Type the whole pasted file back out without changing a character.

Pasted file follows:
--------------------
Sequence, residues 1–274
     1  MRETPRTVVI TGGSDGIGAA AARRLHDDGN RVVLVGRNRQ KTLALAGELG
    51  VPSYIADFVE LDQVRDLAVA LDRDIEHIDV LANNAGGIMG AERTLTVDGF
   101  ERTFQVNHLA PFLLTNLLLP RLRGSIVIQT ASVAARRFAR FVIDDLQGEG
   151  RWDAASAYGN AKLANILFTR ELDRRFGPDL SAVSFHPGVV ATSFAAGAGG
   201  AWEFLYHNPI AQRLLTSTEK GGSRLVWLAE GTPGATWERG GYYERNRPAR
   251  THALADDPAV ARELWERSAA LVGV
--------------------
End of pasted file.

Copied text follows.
Sequence, residues 1–274
     1  MRETPRTVVI TGGSDGIGAA AARRLHDDGN RVVLVGRNRQ KTLALAGELG
    51  VPSYIADFVE LDQVRDLAVA LDRDIEHIDV LANNAGGIMG AERTLTVDGF
   101  ERTFQVNHLA PFLLTNLLLP RLRGSIVIQT ASVAARRFAR FVIDDLQGEG
   151  RWDAASAYGN AKLANILFTR ELDRRFGPDL SAVSFHPGVV ATSFAAGAGG
   201  AWEFLYHNPI AQRLLTSTEK GGSRLVWLAE GTPGATWERG GYYERNRPAR
   251  THALADDPAV ARELWERSAA LVGV